A Sept. 27 Sports column incorrectly said that Mark Brunell of the Washington Redskins is the lowest-rated passer among quarterbacks in the National Football Conference. Brunell is the lowest-rated passer in the NFC East. (Published 10/1/2005)

The Washington Redskins are in first place in the NFC East. They will be there all week, too, one of only two undefeated teams in the conference. The Giants, Eagles and Cowboys all have one loss; the Redskins have none. Any day now there will be silly talk of a Bandwagon.

Joe Theismann picked them to go to the Super Bowl, you know. And it's not like they're leading some lame division, like the NFC North, where 8-8 could win the thing and there is no chance of producing a wild-card entry.

The NFC East isn't the strongest division in the conference; the South has that distinction, what with the undefeated Buccaneers, the Falcons and the perhaps overrated Panthers. But the East will probably be more fun because there's nobody to beat up on like the Saints or Packers or Cardinals. This NFC East is starting to look a little like your daddy's NFC East, stocked with good quarterbacks, tough defenses and, above all else, coaches who know what they're doing.

Hey, even the Giants are fun. Okay, it's early -- very early for teams such as the Redskins and Ravens, who didn't play last week. Still, the Giants are throwing effectively enough that Eli Manning, after three games, has a higher passer rating than his godly brother, Peyton Manning.

That's right, Eli has the 10th highest passer rating in the NFL and Peyton is 16th. Peyton has thrown two touchdown passes. Eli has thrown five. Dwight Freeney, the Colts' violently effective pass rusher, has twice as many sacks so far this season (four) as Peyton has touchdown passes. And it might turn out that Eli has to throw the ball a lot, even with Tiki Barber and rookie Brandon Jacobs running well, because the Giants' defense allowed the San Diego Chargers to score 45 points Sunday.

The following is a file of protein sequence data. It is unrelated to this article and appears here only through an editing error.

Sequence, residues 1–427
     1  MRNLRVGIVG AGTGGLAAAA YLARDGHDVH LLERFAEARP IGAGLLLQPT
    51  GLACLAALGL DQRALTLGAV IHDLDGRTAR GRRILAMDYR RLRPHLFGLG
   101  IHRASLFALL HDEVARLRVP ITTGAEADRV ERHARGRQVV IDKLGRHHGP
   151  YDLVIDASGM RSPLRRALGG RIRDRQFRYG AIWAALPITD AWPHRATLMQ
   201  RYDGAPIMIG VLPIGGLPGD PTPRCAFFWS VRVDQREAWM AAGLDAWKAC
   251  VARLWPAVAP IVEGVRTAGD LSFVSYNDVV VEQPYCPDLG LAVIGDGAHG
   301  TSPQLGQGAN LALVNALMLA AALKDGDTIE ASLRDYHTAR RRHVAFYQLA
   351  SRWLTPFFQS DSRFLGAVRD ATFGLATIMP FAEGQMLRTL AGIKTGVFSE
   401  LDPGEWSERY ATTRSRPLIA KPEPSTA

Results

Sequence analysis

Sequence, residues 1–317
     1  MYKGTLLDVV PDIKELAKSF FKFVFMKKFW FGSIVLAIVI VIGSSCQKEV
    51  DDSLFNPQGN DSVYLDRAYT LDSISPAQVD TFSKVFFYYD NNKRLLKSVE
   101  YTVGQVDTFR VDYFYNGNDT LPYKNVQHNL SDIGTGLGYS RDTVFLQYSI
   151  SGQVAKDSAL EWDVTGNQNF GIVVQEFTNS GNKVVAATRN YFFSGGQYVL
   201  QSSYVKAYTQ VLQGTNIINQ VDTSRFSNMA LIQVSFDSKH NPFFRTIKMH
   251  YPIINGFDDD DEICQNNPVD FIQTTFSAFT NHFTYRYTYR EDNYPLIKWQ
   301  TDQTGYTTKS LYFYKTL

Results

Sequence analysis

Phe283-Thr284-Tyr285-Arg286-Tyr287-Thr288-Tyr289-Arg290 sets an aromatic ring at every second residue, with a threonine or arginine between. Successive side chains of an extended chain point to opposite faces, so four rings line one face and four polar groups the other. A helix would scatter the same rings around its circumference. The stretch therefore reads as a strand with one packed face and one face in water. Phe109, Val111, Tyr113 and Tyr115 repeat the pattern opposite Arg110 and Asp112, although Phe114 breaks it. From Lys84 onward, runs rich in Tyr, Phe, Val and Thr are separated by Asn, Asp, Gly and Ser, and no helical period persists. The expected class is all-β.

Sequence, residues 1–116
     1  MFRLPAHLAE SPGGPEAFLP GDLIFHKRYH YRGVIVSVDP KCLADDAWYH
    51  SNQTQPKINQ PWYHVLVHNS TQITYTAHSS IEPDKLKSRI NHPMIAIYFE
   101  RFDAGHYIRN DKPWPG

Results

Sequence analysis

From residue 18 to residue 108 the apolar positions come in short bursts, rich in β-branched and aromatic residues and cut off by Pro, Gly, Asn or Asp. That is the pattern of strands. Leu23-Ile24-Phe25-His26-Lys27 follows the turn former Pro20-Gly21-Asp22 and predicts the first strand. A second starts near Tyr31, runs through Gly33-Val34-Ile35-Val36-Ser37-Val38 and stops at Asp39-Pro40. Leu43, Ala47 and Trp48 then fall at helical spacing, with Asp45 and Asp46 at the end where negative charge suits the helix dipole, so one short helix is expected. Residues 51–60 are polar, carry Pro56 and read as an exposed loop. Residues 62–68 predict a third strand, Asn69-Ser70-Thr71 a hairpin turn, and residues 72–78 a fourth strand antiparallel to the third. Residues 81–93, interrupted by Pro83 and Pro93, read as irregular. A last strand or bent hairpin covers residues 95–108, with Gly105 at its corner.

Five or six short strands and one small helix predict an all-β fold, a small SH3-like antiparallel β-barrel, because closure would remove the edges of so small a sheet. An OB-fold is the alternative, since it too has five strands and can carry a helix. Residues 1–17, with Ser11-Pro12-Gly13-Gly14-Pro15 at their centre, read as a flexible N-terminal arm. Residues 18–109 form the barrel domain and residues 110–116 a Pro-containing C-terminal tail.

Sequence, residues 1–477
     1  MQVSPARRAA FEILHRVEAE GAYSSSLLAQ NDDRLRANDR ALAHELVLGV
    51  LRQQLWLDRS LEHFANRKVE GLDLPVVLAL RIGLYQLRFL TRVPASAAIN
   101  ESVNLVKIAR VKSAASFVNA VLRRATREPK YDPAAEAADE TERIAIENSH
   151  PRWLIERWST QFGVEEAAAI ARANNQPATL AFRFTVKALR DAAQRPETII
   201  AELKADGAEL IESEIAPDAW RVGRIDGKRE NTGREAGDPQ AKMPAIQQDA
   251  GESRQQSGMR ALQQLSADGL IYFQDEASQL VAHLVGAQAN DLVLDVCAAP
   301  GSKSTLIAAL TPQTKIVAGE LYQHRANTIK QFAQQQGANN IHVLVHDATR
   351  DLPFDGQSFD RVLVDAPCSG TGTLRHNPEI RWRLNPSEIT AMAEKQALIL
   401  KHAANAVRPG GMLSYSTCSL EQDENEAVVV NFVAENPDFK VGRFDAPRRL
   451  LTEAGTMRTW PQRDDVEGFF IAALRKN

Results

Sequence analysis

It's not like Eli Manning is the division's highest-rated passer, either. After league leaders Ben Roethlisberer and Carson Palmer (eight touchdowns, two picks, sacked only three times), the Cowboys' Drew Bledsoe (six touchdowns, two picks, six sacks) checks in at No. 3 in the NFL and old, familiar Donovan McNabb (eight touchdowns, two picks, five sacks) is No. 4. The lowest-rated passer of the NFC quarterbacks is Mark Brunell, No. 12 (out of 32 rated quarterbacks) with a bullet. Okay, it's early. Still, Brunell is ahead of P. Manning, Mike Vick, Brett Favre and Daunte Culpepper. By way of comparison, the four starters in the NFC North (Favre, Culpepper, Joey Harrington and Kyle Orton) rank 21st, 27th, 30th and 32nd, respectively.

Of course, the drama of the NFC East starts in Philly. When the season began, I listened intently to Ron Jaworski and Troy Aikman say that it's next to impossible for a quarterback and star receiver to effectively play together if they're not speaking to one another. I listen to Jaws and Aikman because they know what they're talking about when it comes to playing quarterback, because they know how much communication is necessary when trying to adjust on the sideline to defenses and conditions.